United Nations Command - Our Passports
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  • United Nations Command
  • United Nations Command
  • Korean War passport
  • Korean War passport
  • Cold War passport
  • Cold War passport
  • 6
  • occupation of Japan
  • occupation of Japan
  • WW2 Chinese visa
  • 10
  • 11
  • Korean visa
  • US occupation visa
  • 14
  • 15
  • 16
  • Allied visa

United Nations Command

Korean War issued special visa.

 

One of the aftermaths of the Second World War was the Korean War that broke out on the Korean peninsula in 1950 and lasted until 1953, with the division of forces and population behind the 38th parallel; a division that exists still today and separates a nation.

 

The fighting was between North Korean, together with Chinese forces, and the United Nations forces that consisted of many countries, for example the US, British, French, Belgium, Danish, Indian, Philippines, Colombian, Italian, Australian and more.

 

The fighting erupted following the entry of North Korean troops into what is today South Korea on June 25th 1950, and lasted until cessation of hostilities, from both sides, on July 27th 1953, with the signing of the Korean Armistice Agreement.

 

During the war, the UN established the UNC, which was the United Nations Command, the body that took command of the multinational armed forces that supported South Korea. This organization, or structure, was active during and after the Korean War ended.

 

The passport in this article was issued to United States movie director who was sent to the Far East, named Edward Francis O’Connor (the passport indicates that he worked for Metro Goldwyn Meyer). It was issued on August 24th 1950 and his first stop, and apparently his home for the coming months, was occupied Japan: inside we can find amazing allied issued entry permits to the islands, dating from October 30th. What is interesting about these visas, is that they are NOT the regular allied forces issued visas (from 1945 to around 1949) but the interim temporary issued visas, by the new independent Government of Japan (full control of the government was restored in 1951). So these are rather rare short-lived visas (images on pages 23 & 31), similar to those allied visas issued for West Germany around 1950-1951.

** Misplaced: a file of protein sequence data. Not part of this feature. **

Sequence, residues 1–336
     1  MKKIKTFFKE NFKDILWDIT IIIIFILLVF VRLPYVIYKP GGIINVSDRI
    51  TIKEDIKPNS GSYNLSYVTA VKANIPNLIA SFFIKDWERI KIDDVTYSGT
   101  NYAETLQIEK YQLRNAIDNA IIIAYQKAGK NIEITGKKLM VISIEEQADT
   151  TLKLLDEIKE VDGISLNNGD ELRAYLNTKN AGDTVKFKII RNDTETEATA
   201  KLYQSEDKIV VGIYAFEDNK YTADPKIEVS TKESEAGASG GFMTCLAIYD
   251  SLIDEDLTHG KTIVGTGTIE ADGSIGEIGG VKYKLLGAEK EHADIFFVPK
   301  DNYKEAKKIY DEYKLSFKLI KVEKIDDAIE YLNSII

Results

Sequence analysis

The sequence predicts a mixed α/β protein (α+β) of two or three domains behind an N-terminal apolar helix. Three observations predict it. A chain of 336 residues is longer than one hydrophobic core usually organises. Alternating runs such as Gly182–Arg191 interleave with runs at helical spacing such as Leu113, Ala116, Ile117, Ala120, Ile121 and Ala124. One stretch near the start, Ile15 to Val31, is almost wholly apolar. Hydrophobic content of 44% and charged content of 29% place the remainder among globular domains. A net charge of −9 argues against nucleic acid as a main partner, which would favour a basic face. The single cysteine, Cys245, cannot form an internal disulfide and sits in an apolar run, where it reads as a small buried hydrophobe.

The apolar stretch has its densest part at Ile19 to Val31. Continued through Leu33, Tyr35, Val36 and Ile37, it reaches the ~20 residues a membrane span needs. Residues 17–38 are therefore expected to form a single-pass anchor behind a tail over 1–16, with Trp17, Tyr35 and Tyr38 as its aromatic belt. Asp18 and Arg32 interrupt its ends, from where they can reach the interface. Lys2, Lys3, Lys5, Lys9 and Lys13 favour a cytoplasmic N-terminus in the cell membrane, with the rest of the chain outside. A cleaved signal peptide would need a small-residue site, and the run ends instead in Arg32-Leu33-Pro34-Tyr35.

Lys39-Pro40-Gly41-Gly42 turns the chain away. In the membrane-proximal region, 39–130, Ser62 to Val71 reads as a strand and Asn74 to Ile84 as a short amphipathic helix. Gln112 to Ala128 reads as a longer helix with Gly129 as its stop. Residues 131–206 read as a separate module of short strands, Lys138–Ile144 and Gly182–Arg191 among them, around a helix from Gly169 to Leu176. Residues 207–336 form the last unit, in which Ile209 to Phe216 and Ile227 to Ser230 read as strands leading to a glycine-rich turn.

His passport also shows us that he traveled to South Korea, but this was after the end of the fighting, 1954, still, we can find inside the rare “Headquarters United Nations Command APO 500” entry permission:

THE BEARER HAS PERMISSION TO ENTER KOREA BY AGREEMENT BETWEEN THE REPUBLIC OF KOREA AND THE COMMANDER-IN-CHIEF UNITED NATIONS COMMAND, PROVIDED PASSPORT HAS APPROPRIATE VISA FROM THE KOREAN GOVERNMENT“.

 

The South Korean early entry visa, together with the Far East Command permission for travelling to the Island of Okinawa as well, is a good find inside this unique Korean War related passport.

 

Although 60 years have already passed, we can still feel today the ramifications of those events.

 

I have added images of other visas inside this document, which add to its rarity.

 

Smaller image source: Britannica.

 

 

Thank you for reading “Our Passports”.

 

Neil Kaplan
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